Dynamic Programming vs Branch and Bound

Dynamic Programming vs Branch and Bound is discussed in this blog post. Both methods are used for solving optimization problems. Optimization methods find the best solution out of a pool of feasible solutions. The aim of optimization methods is to minimize or maximize the given cost function.

Branch and Bound is a method for solving discrete and combinatorial optimization issues as well as mathematical optimization problems. The collection of candidate solutions is viewed as forming a rooted tree with the entire set at the root in a branch-and-bound method, which uses state-space search to systematically enumerate them. The method investigates the tree’s branches, which are subsets of the solution set. Before enumerating a branch’s candidate solutions, it’s tested against upper and lower estimated bounds on the optimal solution, and it’s eliminated if it can’t generate a better solution than the algorithm’s best so far.

Dynamic programming is a computer programming approach as well as a mathematical optimization tool. Richard Bellman invented the approach in the 1950s, and it has since been used in a variety of industries. It refers to breaking down a big problem into simpler sub-problems in a recursive way in both situations. While certain choice issues cannot be deconstructed in this manner, decisions that span many points in time are frequently dismantled in this manner. In computer science, a problem is said to have optimum substructure if it can be solved optimally by breaking it down into sub-problems and then recursively finding the best solutions to the sub-problems.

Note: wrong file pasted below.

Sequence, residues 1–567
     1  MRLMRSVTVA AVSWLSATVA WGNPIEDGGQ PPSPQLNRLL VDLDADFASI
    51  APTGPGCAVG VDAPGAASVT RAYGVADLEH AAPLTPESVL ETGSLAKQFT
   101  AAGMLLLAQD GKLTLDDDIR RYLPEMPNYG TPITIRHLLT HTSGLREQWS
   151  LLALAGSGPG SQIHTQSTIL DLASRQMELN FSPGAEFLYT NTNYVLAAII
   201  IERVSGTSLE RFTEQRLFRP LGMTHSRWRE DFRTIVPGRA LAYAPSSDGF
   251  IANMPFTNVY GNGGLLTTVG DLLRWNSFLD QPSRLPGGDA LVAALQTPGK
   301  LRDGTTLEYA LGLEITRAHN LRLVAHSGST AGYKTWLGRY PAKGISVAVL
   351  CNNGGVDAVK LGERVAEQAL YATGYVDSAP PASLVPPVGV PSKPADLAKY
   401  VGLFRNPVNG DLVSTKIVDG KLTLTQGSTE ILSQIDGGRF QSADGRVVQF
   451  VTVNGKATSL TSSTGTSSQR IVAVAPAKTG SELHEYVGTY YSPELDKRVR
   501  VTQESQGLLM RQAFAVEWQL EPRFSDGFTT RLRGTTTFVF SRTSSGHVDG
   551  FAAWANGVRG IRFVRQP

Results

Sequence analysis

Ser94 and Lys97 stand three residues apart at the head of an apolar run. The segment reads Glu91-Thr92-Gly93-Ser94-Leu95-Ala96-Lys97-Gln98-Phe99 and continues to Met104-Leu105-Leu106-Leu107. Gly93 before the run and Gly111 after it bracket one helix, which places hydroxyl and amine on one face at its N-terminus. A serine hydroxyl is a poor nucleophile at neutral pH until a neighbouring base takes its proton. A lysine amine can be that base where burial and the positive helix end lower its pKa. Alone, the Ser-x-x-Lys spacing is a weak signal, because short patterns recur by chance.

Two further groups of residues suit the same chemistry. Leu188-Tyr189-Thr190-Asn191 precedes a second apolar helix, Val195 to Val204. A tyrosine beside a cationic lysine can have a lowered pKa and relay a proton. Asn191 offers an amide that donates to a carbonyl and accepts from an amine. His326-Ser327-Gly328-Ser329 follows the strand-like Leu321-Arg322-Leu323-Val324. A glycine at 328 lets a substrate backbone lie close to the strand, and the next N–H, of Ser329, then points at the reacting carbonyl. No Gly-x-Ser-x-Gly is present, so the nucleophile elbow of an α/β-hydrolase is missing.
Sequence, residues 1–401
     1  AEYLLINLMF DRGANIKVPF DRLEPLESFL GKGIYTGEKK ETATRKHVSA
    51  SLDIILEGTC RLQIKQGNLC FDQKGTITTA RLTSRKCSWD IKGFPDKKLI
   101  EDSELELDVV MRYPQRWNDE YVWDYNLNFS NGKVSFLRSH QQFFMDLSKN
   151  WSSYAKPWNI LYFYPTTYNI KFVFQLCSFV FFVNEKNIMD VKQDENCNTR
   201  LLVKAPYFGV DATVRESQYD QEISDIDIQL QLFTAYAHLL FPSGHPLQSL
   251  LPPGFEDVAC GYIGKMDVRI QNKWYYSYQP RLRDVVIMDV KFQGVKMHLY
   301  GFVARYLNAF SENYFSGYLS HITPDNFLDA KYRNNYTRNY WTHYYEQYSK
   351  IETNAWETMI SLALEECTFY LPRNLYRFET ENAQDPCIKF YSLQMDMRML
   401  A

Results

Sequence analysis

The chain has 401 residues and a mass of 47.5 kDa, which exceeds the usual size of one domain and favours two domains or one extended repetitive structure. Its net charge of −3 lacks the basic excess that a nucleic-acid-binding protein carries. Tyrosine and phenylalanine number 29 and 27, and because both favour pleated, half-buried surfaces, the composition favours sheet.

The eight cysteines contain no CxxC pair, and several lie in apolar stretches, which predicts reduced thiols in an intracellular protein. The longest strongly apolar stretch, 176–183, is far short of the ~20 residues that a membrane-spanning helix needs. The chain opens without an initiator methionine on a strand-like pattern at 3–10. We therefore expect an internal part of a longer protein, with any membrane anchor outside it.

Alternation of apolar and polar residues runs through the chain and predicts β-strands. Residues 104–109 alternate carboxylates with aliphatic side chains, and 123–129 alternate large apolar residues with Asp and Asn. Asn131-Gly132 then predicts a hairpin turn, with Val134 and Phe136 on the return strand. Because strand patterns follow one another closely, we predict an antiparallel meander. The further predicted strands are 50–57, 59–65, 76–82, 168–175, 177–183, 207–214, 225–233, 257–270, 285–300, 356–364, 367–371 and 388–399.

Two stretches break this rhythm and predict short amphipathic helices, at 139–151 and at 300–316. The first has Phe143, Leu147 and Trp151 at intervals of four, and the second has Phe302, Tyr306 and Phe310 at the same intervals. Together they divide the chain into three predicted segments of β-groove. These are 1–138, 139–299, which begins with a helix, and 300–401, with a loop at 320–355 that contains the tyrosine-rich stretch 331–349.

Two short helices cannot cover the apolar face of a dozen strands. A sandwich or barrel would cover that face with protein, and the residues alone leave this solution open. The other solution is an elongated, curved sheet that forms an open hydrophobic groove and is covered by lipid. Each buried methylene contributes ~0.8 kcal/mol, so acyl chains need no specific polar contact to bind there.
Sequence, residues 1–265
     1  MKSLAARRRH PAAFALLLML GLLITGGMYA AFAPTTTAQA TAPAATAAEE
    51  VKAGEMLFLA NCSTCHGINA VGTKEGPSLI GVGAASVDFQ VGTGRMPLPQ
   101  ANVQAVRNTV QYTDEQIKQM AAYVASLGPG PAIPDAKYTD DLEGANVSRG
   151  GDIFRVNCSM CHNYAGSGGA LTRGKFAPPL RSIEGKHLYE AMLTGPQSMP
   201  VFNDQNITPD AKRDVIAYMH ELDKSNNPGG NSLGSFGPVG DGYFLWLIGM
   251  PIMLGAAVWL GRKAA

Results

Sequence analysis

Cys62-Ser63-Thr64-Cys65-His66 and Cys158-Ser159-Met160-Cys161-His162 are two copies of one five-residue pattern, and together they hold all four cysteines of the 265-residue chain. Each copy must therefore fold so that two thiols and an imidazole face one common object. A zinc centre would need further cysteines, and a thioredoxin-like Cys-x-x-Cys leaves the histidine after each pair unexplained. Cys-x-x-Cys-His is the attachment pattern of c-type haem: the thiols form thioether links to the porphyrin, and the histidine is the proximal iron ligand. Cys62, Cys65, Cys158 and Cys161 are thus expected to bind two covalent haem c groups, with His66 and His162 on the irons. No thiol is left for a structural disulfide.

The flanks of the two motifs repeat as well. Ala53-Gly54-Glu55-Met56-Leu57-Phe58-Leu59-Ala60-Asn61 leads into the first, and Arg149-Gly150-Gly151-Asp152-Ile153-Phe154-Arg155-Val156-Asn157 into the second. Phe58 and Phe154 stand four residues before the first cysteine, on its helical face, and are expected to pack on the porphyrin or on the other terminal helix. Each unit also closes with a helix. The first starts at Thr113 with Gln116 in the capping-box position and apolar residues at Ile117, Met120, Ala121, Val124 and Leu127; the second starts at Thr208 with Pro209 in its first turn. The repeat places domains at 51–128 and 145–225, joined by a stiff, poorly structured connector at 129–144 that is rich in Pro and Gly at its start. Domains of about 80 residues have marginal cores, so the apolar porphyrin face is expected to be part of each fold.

Dynamic Programming vs Branch and Bound

Dynamic Programming vs Branch and Bound

Dynamic Programing Branch and Bound
Constructs the solution in form of a table. Constructs the solution in form of a tree.
Solves all possible instances of problem of size n. Only solves promising instances from the set of instances at any given point.
Does not require a bounding function. Needs to compute and apply a bounding function at each node.
After constructing the table, it needs to be traced back to find the solution sequence. The solution sequence is implicit, a leaf node of the tree is the final solution.
Applications:
Binomial Coefficient
Making a change
Knapsack problem
Multistage graph
optimal Binary Search Tree
Matrix Chain Multiplication
Longest Common Subsequence
Bellman-Ford (SSSP) Algorithm
Assembly Line Scheduling
Traveling Salesman Problem
Flow Shop Scheduling
Applications:
Traveling salesman problem
Knapsack problem
Job Sequencing Problem

Additional Reading: Read More

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